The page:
Increased urine IgM excretion predicts cardiovascular events in patients with type I diabetes nephropathy

Rafid Tofik, Ole Torffvit, Bengt Rippe, Omran Bakoush

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16 Citations (Scopus)


Background: Diabetic nephropathy, a major complication of diabetes, is characterized by progressive renal injury and increased cardiovascular mortality. An increased urinary albumin excretion due dysfunction of the glomerular barrier is an early sign of diabetic nephropathy. An increased urinary excretion of higher molecular weight proteins such as IgM appears with progression of glomerular injury. We aim here to study the prognostic significance of urine IgM excretion in patients with type 1 diabetes mellitus (type 1 diabetic nephropathy). Methods: This is an observational study of 139 patients with type1 diabetes mellitus (79 males and 60 females) under routine care at the diabetic outpatient clinic at the Lund University Hospital. The median follow-up time was 18 years (1 to 22) years. Urine albumin and urine IgM concentration were measured at time of recruitment. Results: Overall 32(14 male and 18 female) patients died in a cardiovascular event and 20 (11 male and 9 female) patients reached end-stage renal disease. Univariate analysis indicated that patient survival and renal survival were inversely associated with urine albumin excretion (RR = 2.9 and 5.8, respectively) and urine IgM excretion (RR = 4.6 and 5.7, respectively). Stratified analysis demonstrated that in patients with different degrees of albuminuria, the cardiovascular mortality rate and the incidence of end-stage renal disease was approximately three times higher in patients with increased urine IgM excretion. Conclusion: An increase in urinary IgM excretion in patients with type 1 diabetes is associated with an increased risk for cardiovascular mortality and renal failure, regardless of the degree of albuminuria.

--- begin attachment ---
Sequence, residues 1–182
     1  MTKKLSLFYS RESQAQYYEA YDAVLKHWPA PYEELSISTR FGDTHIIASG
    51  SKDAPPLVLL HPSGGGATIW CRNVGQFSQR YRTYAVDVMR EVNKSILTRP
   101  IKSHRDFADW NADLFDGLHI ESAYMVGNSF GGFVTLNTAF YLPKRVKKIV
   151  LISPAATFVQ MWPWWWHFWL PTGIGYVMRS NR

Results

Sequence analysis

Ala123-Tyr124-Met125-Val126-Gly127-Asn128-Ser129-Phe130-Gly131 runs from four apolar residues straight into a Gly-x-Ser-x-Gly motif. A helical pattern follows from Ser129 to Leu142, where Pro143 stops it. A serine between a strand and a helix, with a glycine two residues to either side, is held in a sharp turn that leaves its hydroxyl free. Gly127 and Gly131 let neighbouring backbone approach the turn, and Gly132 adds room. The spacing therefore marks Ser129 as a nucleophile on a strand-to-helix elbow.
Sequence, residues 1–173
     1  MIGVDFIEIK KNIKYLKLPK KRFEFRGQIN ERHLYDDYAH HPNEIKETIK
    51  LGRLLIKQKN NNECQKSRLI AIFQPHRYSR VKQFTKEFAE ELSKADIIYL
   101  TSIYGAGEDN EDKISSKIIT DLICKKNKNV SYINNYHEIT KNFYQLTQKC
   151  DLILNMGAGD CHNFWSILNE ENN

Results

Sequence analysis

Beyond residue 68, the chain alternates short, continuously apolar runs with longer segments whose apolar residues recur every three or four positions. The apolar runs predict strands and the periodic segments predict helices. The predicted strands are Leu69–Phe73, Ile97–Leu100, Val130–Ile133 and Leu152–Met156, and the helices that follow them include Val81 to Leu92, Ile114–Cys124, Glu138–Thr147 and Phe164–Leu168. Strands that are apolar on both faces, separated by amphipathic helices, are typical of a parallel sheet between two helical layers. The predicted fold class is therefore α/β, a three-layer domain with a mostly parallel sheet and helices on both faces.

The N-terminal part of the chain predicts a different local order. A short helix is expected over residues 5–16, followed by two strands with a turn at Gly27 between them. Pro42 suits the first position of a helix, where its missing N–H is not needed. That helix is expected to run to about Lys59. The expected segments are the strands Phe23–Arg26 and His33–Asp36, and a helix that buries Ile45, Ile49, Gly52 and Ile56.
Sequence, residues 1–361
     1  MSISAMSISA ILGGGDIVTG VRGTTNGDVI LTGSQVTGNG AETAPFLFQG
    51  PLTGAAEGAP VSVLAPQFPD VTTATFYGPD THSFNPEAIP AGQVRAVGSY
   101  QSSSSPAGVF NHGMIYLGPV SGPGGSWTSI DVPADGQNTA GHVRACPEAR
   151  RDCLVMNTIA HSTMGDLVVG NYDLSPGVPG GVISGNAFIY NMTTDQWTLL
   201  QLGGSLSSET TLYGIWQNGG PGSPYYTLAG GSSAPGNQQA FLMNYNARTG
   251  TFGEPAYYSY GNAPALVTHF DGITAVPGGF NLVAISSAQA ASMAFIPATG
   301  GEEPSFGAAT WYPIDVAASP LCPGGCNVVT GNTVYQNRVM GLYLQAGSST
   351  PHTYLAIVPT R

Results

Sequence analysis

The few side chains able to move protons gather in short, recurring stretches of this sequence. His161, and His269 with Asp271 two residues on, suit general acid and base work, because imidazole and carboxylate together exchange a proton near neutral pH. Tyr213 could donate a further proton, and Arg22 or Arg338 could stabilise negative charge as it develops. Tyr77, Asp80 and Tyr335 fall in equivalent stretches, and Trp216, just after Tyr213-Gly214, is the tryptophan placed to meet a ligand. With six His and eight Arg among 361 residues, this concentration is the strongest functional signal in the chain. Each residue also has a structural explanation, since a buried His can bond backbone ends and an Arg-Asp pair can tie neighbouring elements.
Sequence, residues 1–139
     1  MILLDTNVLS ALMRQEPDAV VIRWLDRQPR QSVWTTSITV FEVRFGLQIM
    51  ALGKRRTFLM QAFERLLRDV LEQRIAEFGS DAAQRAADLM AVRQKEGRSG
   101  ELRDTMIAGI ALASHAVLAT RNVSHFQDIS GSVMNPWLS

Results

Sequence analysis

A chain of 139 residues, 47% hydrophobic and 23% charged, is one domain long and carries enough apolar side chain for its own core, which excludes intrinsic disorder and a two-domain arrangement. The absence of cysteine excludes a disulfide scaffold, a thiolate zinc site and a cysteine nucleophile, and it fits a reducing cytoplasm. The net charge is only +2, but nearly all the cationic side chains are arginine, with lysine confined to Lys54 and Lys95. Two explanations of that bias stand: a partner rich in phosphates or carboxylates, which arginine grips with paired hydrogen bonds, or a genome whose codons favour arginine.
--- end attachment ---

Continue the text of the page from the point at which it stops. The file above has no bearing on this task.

Original languageEnglish
Article number39
JournalBMC Medicine
Publication statusPublished - Aug 4 2009
Externally publishedYes

ASJC Scopus subject areas

  • General Medicine


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